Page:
Gender/Pregnancy Discrimination Plaintiff Overcomes Motion to Dismiss Based on “Joint Employer” Doctrine

In Griffith v. Coney Food Corp. d/b/a Checkers et al, 2020 WL 4748452 (E.D.N.Y. August 17, 2020) – a gender/pregnancy discrimination case – the court, inter alia, held that plaintiff alleged sufficient facts that defendant (Checkers) is her “joint employer” under the New York State and City Human Rights Laws.

The court summarized the contours of the “joint employer” doctrine as follows:

The joint employer doctrine allows an employee who is “formally employed by one entity … to impose liability on another” based on “the relationship between two possible employers.” Knight v. State Univ. of New York at Stony Brook, 880 F.3d 636, 642 (2d. Cir 2018). Two employers are “joint” when they are “separate legal entities, but … handle certain aspects of their employer-employee relationship jointly.” Arculeo v. On-Site Sales & Mktg., LLC, 425 F.3d 193, 198 (2d Cir. 2005). In determining joint employer status, courts look to whether the defendant exercised “immediate control” over the other company’s employees. See, e.g., Fowler v. Scores Holding Co., Inc., 677 F. Supp. 2d 673, 681 (S.D.N.Y. 2009) (applying “immediate control” test to Title VII claim); Brankov v. Hazzard, 142 A.D.3d 445, 445-46 (1st Dept. 2016) (applying “immediate control” test to NYCHRL claim); see also Kology v. My Space NYC Corp., 177 F. Supp. 3d 778, 782 (E.D.N.Y. 2016) (“The analysis used to determine whether an entity is an individual’s employer pursuant to the NYSHRL and NYCHRL is substantially the same as that used under Title VII.”). Similar factors are assessed to determine “immediate control” under both federal and state discrimination laws, including “commonality of hiring, firing, discipline, pay, insurance, records, and supervision.” See NLRB v. Solid Waste Servs., Inc., 38 F.3d 93, 94 (2d Cir. 1994); Brakov, 142 A.D.3d at 446 (enumerating the same relevant factors).4 Finally, “[t]he existence of a joint employer relationship is essentially a factual issue that cannot be resolved based on the complaint alone.”

Applying the law to the facts, the court explained:

Checkers argues that Griffith has failed to allege that Checkers had control over hiring and firing at Coney Food or that Checkers had sufficient control over Coney Food’s recordkeeping, payroll, and insurance.5 (Mem. at 9.) The court disagrees; in fact, the amended complaint alleges numerous facts sufficient to support an inference of joint employer status. The amended complaint alleges, inter alia, that Checkers controls the appointment of Coney Food management (Am. Compl. ¶ 23); oversees Coney Food’s point of sale system (id. ¶ 24); and imposes various operational restrictions on Coney Food, “including but not limited to, restaurant appearance and layout requirements, operations standards, management standards, use of suppliers, and advertising standards,” (id. ¶ 26). It further alleges that Griffith’s work is integral to Checkers’s operations because Checkers “runs a fast-food business dependent on its franchise, and corporate-owned stores, selling and delivering food” (id. ¶ 29); indeed, Checkers considers it “extremely important” that its franchises and executives “operate as one brand” and directly supervises the opening of new Checkers franchises, including Coney Food. (Id. ¶¶ 25, 30.) The amended complaint also alleges that Checkers exercises control over Coney Food’s recordkeeping. (See Id. ¶¶ 32-33.) These allegations are sufficient to defeat Checkers’s motion at this stage of the litigation, especially in light of the fundamental factual nature of the joint employer inquiry and the liberal construction the court must afford Griffith’s NYSHRL and NYCHRL claims.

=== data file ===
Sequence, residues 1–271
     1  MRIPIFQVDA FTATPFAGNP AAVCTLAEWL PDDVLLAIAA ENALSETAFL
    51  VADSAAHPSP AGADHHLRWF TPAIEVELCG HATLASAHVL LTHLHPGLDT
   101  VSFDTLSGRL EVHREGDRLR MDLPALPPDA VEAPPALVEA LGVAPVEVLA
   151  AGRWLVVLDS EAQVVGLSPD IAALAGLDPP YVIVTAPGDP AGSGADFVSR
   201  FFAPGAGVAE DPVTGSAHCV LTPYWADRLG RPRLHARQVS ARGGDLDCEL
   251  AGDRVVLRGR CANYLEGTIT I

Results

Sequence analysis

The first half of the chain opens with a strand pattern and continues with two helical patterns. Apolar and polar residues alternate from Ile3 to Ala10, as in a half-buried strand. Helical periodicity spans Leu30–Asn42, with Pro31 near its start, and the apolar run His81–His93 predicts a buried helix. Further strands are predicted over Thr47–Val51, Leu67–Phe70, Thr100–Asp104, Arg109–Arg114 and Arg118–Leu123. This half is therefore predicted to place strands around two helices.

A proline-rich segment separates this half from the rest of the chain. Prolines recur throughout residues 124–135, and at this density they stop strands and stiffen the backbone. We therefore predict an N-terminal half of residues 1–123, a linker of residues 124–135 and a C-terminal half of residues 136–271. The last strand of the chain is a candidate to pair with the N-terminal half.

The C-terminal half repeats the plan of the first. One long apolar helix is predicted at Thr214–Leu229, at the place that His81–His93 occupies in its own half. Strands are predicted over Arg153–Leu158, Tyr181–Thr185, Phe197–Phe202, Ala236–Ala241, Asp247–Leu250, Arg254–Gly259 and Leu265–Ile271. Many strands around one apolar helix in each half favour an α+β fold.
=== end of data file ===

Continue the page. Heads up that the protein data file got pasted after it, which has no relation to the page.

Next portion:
Based on this, the court concluded – while noting that “Checkers will be free to raise these arguments again on a complete record on summary judgment” – that it “cannot say that, as matter of law, Checkers was not Griffith’s joint employer for the purposes of her NYSHRL and NYCHRL claims.”

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